My only criticism is the needless Hallmark touch added to a show that attempts to depict life in an era that was darker and dirtier than what is shown in this sterilized version. But I am thankful and appreciate to be revisiting with this family on Walton’s Mountain. I cannot fathom this wholesome TV series surviving on a network full of shows overflowing with angst and superheroes, but something tells me that’s what they said the first time around.     

Heidi McCrary is a writer and a regular contributor to Moxie Magazine. Her novel, Chasing North Star is available wherever books are sold. Follow Heidi at and

Is Thanksgiving Canceled?

The note below recently followed students home in their backpacks from an elementary school…

Dear Parent / Caregiver,

In respect to all of our students, please note that we will no longer be celebrating the holidays of Halloween and Valentine’s Day at school. Thank you for keeping your child’s Halloween costume at home.  

In recognition of the individual cultures and lifestyles of their students, many schools are rethinking how and if they should be acknowledging holidays and events that were a given in the era of their student’s parents and caregivers. Gone, are the days of children parading through the hallways in Batman and witches’ costumes. And to help alleviate children from feeling excluded, mailboxes made from decorating shoeboxes to hold Valentine’s Day cards are now a distant memory.    

It’s the next step in what is sometimes unjustly being labeled as Cancel Culture. It wasn’t that long ago when schools acknowledged that Christopher Columbus didn’t really discover America, since the country was already inhabited by Indigenous People wrongly labeled by white Europeans as Indians.

Which brings us to the topic of Thanksgiving. What was once a day to celebrate the coming-together of Pilgrims and Indians, is now a holiday in question, as we learn and recognize that this story is for the most part fictitious, overriding the truth in what was more likely the hostile arrival of people invading the land of Native Americans.

But acknowledging that Thanksgiving is currently a flawed holiday should not stop us from celebrating a day centered around “putting down our weapons” and gathering around the kitchen table for great food and conversation. We need to absolutely recognize and celebrate the true first inhabitants of our country and we should welcome the true meaning of Thanksgiving. Unlike with Christmas, another holiday that embraces family gatherings, Thanksgiving comes without the commercial trappings of artificial Christmas trees and the need to power-shop on Amazon for the latest tech gadgets and toys.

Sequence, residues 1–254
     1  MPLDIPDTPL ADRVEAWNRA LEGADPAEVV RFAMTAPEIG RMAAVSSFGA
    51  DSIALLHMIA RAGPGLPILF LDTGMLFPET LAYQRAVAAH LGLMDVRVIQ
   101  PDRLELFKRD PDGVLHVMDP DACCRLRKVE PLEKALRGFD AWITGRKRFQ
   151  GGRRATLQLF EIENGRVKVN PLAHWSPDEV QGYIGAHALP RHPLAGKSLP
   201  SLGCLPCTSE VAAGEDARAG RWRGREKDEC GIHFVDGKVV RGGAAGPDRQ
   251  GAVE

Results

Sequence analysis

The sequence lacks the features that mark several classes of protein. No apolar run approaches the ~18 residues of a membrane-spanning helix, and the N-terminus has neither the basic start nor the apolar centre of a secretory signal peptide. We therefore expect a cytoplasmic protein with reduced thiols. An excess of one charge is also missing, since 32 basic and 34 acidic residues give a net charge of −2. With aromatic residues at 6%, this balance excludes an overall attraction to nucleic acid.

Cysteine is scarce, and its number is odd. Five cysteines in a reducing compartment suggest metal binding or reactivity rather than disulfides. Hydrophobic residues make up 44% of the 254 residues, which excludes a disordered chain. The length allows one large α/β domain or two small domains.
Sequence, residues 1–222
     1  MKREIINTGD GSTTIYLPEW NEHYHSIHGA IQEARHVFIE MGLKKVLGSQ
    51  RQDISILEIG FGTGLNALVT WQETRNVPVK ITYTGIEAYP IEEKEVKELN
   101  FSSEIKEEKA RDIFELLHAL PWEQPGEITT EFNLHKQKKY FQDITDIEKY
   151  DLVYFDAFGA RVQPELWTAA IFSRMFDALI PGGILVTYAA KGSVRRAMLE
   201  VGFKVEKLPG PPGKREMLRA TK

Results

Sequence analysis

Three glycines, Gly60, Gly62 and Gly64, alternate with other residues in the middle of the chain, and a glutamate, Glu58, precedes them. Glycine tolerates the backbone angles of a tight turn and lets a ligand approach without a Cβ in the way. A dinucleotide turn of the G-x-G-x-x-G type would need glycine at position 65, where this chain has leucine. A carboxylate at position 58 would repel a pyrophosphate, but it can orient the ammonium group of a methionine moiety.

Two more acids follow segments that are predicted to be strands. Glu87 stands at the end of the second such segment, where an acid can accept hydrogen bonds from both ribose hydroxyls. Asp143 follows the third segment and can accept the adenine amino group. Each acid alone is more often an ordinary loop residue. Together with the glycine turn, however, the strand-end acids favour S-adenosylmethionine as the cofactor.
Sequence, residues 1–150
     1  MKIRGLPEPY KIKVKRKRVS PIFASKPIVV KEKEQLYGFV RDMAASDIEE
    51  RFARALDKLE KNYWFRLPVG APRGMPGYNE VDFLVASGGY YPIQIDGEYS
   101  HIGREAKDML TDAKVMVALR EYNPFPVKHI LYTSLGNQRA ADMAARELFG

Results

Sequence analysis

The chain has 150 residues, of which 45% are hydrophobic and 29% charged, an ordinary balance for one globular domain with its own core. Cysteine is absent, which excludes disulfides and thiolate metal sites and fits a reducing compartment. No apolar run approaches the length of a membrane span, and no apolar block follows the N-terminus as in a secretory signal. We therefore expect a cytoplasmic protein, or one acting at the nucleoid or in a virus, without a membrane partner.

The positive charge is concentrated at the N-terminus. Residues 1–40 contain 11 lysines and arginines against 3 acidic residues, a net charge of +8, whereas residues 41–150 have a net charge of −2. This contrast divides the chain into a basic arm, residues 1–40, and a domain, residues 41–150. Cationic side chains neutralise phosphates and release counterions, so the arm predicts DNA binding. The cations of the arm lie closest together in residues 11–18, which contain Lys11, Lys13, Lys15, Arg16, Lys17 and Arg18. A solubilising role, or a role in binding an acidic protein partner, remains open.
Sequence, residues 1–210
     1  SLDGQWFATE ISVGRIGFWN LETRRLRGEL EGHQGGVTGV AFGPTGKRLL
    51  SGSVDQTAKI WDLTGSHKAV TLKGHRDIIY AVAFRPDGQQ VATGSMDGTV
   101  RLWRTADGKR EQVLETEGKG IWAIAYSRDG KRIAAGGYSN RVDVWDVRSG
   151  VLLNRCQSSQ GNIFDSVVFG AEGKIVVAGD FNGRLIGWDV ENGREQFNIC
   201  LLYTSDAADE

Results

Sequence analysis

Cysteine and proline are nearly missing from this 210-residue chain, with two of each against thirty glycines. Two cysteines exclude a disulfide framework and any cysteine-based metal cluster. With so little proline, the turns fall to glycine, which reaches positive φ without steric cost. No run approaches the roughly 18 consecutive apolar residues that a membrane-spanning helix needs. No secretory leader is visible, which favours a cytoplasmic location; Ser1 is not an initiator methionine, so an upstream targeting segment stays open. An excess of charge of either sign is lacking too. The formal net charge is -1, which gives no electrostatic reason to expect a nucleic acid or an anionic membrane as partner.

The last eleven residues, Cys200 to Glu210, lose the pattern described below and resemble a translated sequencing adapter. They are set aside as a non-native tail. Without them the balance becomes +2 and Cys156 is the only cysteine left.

After all, Halloween is just a silly holiday that has morphed from children going door-to-door in search of Snickers bars to grownups throwing elaborate costume parties and front lawns lit up like Christmas. And Valentine’s Day is nothing more than a faux holiday powered by Hallmark, florists, and department stores, encouraging us to buy jewelry and grossly overpriced roses. Perhaps, it’s time we take a step forward and take Thanksgiving in its literal context. A time for Thanks.

Thanksgiving is a holiday that can and should survive the Cancel Culture movement. As schoolbooks are rewritten to tell the true story of Indigenous People, let us celebrate our true first inhabitants of America. And let Thanksgiving continue to be a time when we gather with our family – without the wrapped gifts and without inflatable reindeer on the front lawn. Just turkey legs, stuffing, and love. And football.

Now, if we can just get rid of Black Friday…

Heidi McCrary is a writer and a regular contributor to Moxie Magazine. Her novel, Chasing North Star is available at Kazoo Books, This is a Bookstore, and online wherever books are sold. Follow Heidi at and

WHEN THE STARS GO DARK –When Nonfiction takes a creative turn

Some of the best stories are found within the pages of real-life events. Categorized as Historical Fiction, many authors have found a fascinating niche of delving into true stories from the perspective of a secondary character or using a true story to inspire a fictional tale. It’s an intriguing twist and makes for an exceptional story. One example of Historical Fiction is AMERICAN WIFE, a novel by Curtis Sittenfeld, and loosely based on the life of Laura Bush. Packed with intrigue and familiar characters, AMERICAN WIFE reveals the fascinating backstory on our former first lady’s life, and well worth the read  

Another novel that borrowed from a real-life event and news headlines, is WHEN THE STARS GO DARK, From Paula McLain, the author of THE PARIS WIFE (Yet another intriguing historical fiction novel, based on the first wife of Ernest Hemmingway). WHEN THE STARS GO DARK focuses on Anna, a homicide detective working on several cases involving missing girls. While this literary thriller is fiction, it includes a side-story borrowed from a real-life tragic event, in the kidnapping of Polly Klaas, a girl held at knifepoint and kidnapped in 1993.

WHEN THE STARS GO DARK is a true page-turner and a thought-provoking who-done-it that fires on all cylinders.

Heidi McCrary is a writer and author of Chasing North Star. Keep up with her at and on Facebook at